“I saw the corruption of it all, and knew I had to tell the truth,” says climate activist Giovanna Lewis. She was imprisoned for simply mentioning the climate crisis during the court case following her arrest for blocking a road.

Alongside Giovanna fellow activist Amy Pritchard was released on Monday after three and a half weeks in prison. The two Insulate Britain supporters blocked a London road in 2021 and were charged with causing a public nuisance. They refused to stay silent after judge Silas Reid ordered them not to talk about climate change in court.

Giovanna told Socialist Worker that her experience has made it clear which side the law is on.

“Three of us were in the trial, and we represented ourselves,” she said. “I was surprised about how much discussion goes on when the jury isn’t in the room.

“So much of the evidence and questioning goes on without them there. Judge Silas Reid was great at making your questions seem irrelevant. He’s very skilful at his craft.

“He kept asking us if we wanted help with writing our defence statement, saying we’d get something wrong. But I didn’t want him to help. It wasn’t my plan to do what I did in court. But in the moment, I saw the corruption of it all. That’s when I knew I had to tell the truth.

“The judge tried to tell us there were only two reasons why we defied him—either to influence the jury or to carry on our protest. I stood up and said we had a third reason, and that it was because it was the right thing to do.”

Giovanna and Amy are set to find out on Friday if there will be a retrial after the jury failed to reach a majority verdict on the public nuisance charge. The two activists were taken to HMP Bronzefield. “We were separated and I was taken to the detox wing, as there wasn’t space for me in the rest of the prison,” said Giovanna.

“There I met other women prisoners who, when they heard about what I had done, supported me and said what I had done was right. I was then moved to another part of the prison, into a room that used to be for just one person. Another bed and chest of drawers had been crammed in there to accommodate two people. From my time inside, what’s clear to me is that prisons are overcrowded and under-resourced.”

Giovanna added, “It really hit me on the second night in prison that if a retrial happens and I’m found guilty, I’ll have to go back again. But I don’t have any regrets. It’s never pleasant to go to prison.

“But our case has highlighted just how unjust the system is. Someone needs to stand up and say, ‘sometimes you need to break laws because the law is wrong’.”

Every trade unionist, campaigner and activist should be outraged that climate protesters are being imprisoned for telling the truth and stand with them.

Join Extinction Rebellion as it makes a return to streets

Extinction Rebellion (XR) will kick off its next rebellion in just over two weeks. The group plans to get thousands of people to gather and protest outside parliament from 21-24 April for an event it has dubbed “The Big One”.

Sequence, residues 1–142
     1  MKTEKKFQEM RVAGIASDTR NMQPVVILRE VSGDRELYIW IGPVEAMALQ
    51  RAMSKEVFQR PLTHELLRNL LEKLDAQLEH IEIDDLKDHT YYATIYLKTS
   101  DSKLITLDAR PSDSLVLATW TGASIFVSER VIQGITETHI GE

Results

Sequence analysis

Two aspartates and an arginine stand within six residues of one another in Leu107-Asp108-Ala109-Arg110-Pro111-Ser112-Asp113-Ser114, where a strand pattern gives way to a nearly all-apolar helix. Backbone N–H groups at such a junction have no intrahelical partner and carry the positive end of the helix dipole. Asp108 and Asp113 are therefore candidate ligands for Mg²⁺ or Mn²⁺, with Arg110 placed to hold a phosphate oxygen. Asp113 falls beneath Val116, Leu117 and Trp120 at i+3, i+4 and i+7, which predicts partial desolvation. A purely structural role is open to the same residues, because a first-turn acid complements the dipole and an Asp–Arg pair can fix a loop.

The Big One is a chance for the climate movement to head back to the streets and rage against the climate-killing actions of the Tories and the bosses.

Jim is an XR activist in Norwich. He explained to Socialist Worker how he and other members of the group are preparing for The Big One. “Locally we’ve been having meetings to mobilise people. We’ll also have a job to do of re-engaging those that might have dropped out of action.

“When I go out leafleting, it’s quite encouraging. People are already saying they are planning to go. We’ve booked two coaches to go from Norwich, and about 180 people have already signed up that I don’t know currently.”

Jim added that The Big One was a change in strategy for XR. “We’re a lot more focussed on building alliances this time. Nationally there are about 70 different groups signed up in support. We’re doing the same thing locally with groups in the area.

“Friday will be the big day, but they’ll be training for four days before and other rebellious things for three days after. On Monday we will deliver our demands to parliament. The Big One will also be an important place for us to discuss what comes next”, he added.

Jim said The Big One could not come at a more critical time. “The world is burning, and our government isn’t even remotely interested in doing anything about it. They met in Aberdeen to discuss how to break down any net zero plans.

“Then there was the latest IPCC report. There was no fanfare, no panic. The Big One can be a chance to build up the climate movement again. We need to keep on creating moments. We also need to show people we’re still fighting.

“Every person I’ve met in XR has a different story about why they joined. Some people saw us on TV or read about us in the newspapers. These moments make people join our movement” he added.

“We have to get 100,000 people out on the streets. We must make The Big One the biggest climate mobilisation in history.”

The Big One will be a massive test of XR’s new strategy and ability to form alliances. Socialists, campaigners and trade unionists must be all out to make it as big, militant and angry as possible.